Submachine guns were invented in the early twentieth century, due to the widespread use of trenches on the Western Front of World War I. The submachine gun was typically a fully automatic, short-barreled weapon chambered in pistol caliber for low recoil. The combination of a compact package and high firepower volume made the “SMG” a choice weapon for clearing out narrow trenches. There are few truly bad submachine guns, a byproduct of the category’s relatively late introduction. Instead, the guns on this list are popular and even effective but suffer in one way or another from deep flaws.
M3A1 “Grease Gun”:
The M3A1 “grease gun” was a simple, fully-automatic submachine gun manufactured out of stamped and welded steel rather than the forged steel as most firearms are made. The gun itself should probably have been manufactured in nine-millimeter Luger, as .45 ACP generated great recoil and made the weapon hard to control. The M3A1 featured a steel wire stock that was less than ideal for absorbing fully automatic .45 ACP recoil. The bolt was pulled back via a finger inserted into the action and manually moving it to the rear, a non-standard feature if there ever was one. The gun was saved by closing the dust cover, rendering the bolt unable to move. Although originally designed as a short-use weapon the M3A1 lived on through the 1990s, when it was issued to U.S. Army tankers.
Imperial Japan was spared the horrors of trench warfare and as a result for years was largely disinterested in the submachine gun concept. The Imperial Army only began developing its own gun in the early 1930s, and the result was the Type 100. The Type 100 was a blowback-operated gun that fired Japanese eight-millimeter pistol round and was fed by a thirty-round magazine. At almost three feet long the Type 100 it was not a compact weapon—unless of course it was compared to the standard infantry arm, the Arisaka rifle. The weapon also had a relatively slow rate of fire, just 450 rounds per minute. The Type 100 may have been the only submachine gun ever adopted to be issued with its own bipod.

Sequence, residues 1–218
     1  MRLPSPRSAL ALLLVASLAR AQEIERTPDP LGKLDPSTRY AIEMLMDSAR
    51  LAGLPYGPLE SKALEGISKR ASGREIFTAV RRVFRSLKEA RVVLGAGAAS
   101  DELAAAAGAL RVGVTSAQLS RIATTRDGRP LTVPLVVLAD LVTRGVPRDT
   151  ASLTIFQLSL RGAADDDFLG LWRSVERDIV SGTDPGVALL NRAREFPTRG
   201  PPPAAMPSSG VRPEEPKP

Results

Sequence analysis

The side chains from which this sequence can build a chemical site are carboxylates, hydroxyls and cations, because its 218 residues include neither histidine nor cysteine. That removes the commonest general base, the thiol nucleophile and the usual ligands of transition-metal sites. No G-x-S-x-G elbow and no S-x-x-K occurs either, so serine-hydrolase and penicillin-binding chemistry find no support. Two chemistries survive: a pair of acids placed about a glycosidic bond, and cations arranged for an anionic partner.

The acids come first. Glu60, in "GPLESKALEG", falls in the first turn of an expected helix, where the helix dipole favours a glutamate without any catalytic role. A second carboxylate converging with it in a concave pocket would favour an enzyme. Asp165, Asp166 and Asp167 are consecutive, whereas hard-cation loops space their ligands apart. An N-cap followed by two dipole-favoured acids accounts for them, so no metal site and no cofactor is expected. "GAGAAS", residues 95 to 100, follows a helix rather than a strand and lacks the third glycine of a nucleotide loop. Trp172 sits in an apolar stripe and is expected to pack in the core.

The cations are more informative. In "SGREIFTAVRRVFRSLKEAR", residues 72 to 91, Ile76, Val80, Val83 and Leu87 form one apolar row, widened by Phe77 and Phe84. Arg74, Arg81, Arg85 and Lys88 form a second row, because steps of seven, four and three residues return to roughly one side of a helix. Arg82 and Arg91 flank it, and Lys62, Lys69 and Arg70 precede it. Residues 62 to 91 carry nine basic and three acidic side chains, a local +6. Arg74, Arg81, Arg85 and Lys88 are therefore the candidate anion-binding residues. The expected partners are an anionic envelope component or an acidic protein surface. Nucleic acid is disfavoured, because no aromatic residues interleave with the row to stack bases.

Reising Model 50:
The Reising was designed just before World War II, and as such was destined for widespread U.S. military service. On paper the Reising was fine: it weighed just 6 pounds, twelve ounces, had an 11-inch barrel and accepted 20 round box magazines. The internal mechanism was quite complex, utilizing a closed bolt firing system. While this was not necessarily problematic at a shooting range, in reality, the weapon’s complexity on the battlefield ensured frequent jams from dirt and dust and the magazines proved weak. As a result, the weapon saw limited combat with the U.S. Marine Corps before being phased out in favor of continued use of the Thompson gun.
American 180 M2:
A more recent addition to this list is the American 180 M-2. The M-2 was designed in the early 1970s for reasons unknown. The M-2 resembled a 1920s-era Thompson submachine gun with a large, pan-style magazine sitting on top just ahead of the trigger, much like a Soviet Degtyarev light machine gun. Unlike the Degtyarev, however, the M-2 was not chambered for the worthy 7.62x54R round but the .22 long rifle rimfire round. The large magazine held an unheard-of 177 rounds, but the number of bullets, combined with the five-pound weapon, boosted it to an all-up weight of ten pounds. The M-2’s rate of fire was a brisk 1,200 rounds per minute, but that must be balanced against the fact that the weak .22LR round had virtually no penetration and delivered little energy against the target. While the lack of recoil meant the weapon was easily controlled in full automatic fire, it hardly made up for the fact it was chambered for a hobbyist caliber that had no place in a submachine gun’s environment--combat.
The Beretta M38 was the standard submachine gun for the Italian Army in World War I. Invented in the 1930s by the famous Italian arms maker Beretta, the Beretta was sensibly chambered in nine-millimeter Luger, an ideal submachine gun cartridge that didn’t suffer from the Japanese eight-millimeter round’s weakness or .45 ACP’s strong recoil. The M38A was even fed from a 40 round magazine, providing plenty of firepower in the close-quarters role. The problem with the Beretta 38A was that it was absurdly heavy, weighing more than nine pounds empty and nearly eleven pounds loaded. That placed it in nearly the same weight class as the American M-1 Garand, a gas-operated rifle loaded with eight rounds of high-powered .30-06 ammunition.
Kyle Mizokami is a writer based in San Francisco who has appeared in The Diplomat, Foreign Policy, War is Boring and The Daily Beast. In 2009 he co-founded the defense and security blog Japan Security Watch. You can follow him on Twitter: @KyleMizokami.